Typing M-x verilog-auto will make this into:

	module ExampShell (/*AUTOARG*/i,o,io);
	   /*AUTOINOUTIN("ExampMain")*/
           // Beginning of automatic in/out/inouts (from specific module)
           input i;
           input io;
           input o;
	   // End of automatics
	endmodule

You may also provide an optional regular expression, in which case only signals matching the regular expression will be included. For example the same expansion will result from only extracting signals starting with i:

	   /*AUTOINOUTCOMP("ExampMain","^i")*/

verilog-auto-inout-modport (function)

Expand AUTOINOUTMODPORT statements, as part of M-x verilog-auto. Take input/output/inout statements from the specified interface and modport and insert into the current module. This is useful for making verification modules that connect to UVM interfaces.

The first parameter is the name of an interface.

The second parameter is a regexp of modports to read from in that interface.

The optional third parameter is a regular expression, and only signals matching the regular expression will be included.

Limitations:

If placed inside the parenthesis of a module declaration, it creates Verilog 2001 style, else uses Verilog 1995 style.

Interface names must be resolvable to filenames. See verilog-auto-inst.

As with other autos, any inputs/outputs declared in the module will suppress the AUTO from redeclaring an inputs/outputs by the same name.

An example:

	interface ExampIf
	  ( input logic clk );
	   logic        req_val;
	   logic [7:0]  req_dat;
	   clocking mon_clkblk @(posedge clk);
	      input     req_val;
	      input     req_dat;
	   endclocking
	   modport mp(clocking mon_clkblk);
	endinterface

module ExampMain ( input clk, /*AUTOINOUTMODPORT("ExampIf" "mp")*/ // Beginning of automatic in/out/inouts (from modport) input [7:0] req_dat, input req_val // End of automatics ); /*AUTOASSIGNMODPORT("ExampIf" "mp")*/ endmodule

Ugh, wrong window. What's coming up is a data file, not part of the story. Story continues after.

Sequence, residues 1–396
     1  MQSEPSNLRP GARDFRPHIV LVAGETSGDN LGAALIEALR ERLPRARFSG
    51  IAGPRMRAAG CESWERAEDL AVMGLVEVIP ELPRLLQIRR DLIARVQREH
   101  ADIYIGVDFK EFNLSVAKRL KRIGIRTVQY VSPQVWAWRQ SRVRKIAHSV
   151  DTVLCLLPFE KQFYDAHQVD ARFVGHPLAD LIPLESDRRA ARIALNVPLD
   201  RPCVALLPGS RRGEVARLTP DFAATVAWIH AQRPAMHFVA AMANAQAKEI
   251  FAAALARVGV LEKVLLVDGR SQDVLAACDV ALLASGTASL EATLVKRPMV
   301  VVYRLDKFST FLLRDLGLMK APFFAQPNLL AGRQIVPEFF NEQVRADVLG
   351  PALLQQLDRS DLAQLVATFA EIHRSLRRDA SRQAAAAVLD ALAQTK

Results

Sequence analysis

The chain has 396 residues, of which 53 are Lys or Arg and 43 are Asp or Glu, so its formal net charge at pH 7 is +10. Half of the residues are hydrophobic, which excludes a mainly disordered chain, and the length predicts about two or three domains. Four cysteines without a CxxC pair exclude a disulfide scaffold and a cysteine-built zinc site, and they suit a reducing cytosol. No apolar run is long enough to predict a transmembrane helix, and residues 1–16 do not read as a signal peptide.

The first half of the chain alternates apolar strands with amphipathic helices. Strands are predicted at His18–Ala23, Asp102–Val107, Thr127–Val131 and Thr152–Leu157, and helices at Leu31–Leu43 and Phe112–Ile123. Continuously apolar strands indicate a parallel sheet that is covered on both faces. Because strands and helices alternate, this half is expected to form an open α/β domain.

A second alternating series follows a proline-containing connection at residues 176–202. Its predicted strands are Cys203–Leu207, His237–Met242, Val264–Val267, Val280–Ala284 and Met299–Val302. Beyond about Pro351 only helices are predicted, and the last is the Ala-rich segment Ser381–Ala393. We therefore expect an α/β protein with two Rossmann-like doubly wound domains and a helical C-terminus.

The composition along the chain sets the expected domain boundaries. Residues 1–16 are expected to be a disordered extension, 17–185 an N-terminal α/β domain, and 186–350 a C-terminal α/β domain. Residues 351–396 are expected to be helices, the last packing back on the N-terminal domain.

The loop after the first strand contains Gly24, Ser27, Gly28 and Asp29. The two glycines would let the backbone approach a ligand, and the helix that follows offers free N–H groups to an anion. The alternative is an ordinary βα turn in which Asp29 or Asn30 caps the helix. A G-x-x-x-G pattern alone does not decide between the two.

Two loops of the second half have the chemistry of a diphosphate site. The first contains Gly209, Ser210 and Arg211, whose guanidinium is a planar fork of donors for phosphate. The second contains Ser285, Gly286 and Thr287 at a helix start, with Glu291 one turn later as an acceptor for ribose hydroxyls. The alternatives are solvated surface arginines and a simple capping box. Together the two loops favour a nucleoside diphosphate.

Typing M-x verilog-auto will make this into:

	...
	module ExampMain
	( input clk,
	  /*AUTOINOUTMODPORT("ExampIf" "mp")*/
	  // Beginning of automatic in/out/inouts (from modport)
	  input			req_dat,
	  input			req_val
	  // End of automatics
	);

If the modport is part of a UVM monitor/driver class, this creates a wrapper module that may be used to instantiate the driver/monitor using AUTOINST in the testbench.


verilog-auto-inout-module (function)

Expand AUTOINOUTMODULE statements, as part of M-x verilog-auto. Take input/output/inout statements from the specified module and insert into the current module. This is useful for making null templates and shell modules which need to have identical I/O with another module. Any I/O which are already defined in this module will not be redefined. For the complement of this function, see verilog-auto-inout-comp, and to make monitors with all inputs, see verilog-auto-inout-in.

Limitations:

If placed inside the parenthesis of a module declaration, it creates Verilog 2001 style, else uses Verilog 1995 style.

Concatenation and outputting partial buses is not supported.

Module names must be resolvable to filenames. See verilog-auto-inst.

Signals are not inserted in the same order as in the original module, though they will appear to be in the same order to an AUTOINST instantiating either module.

Signals declared as "output reg" or "output wire" etc will lose the wire/reg declaration so that shell modules may generate those outputs differently. However, "output logic" is propagated.

An example: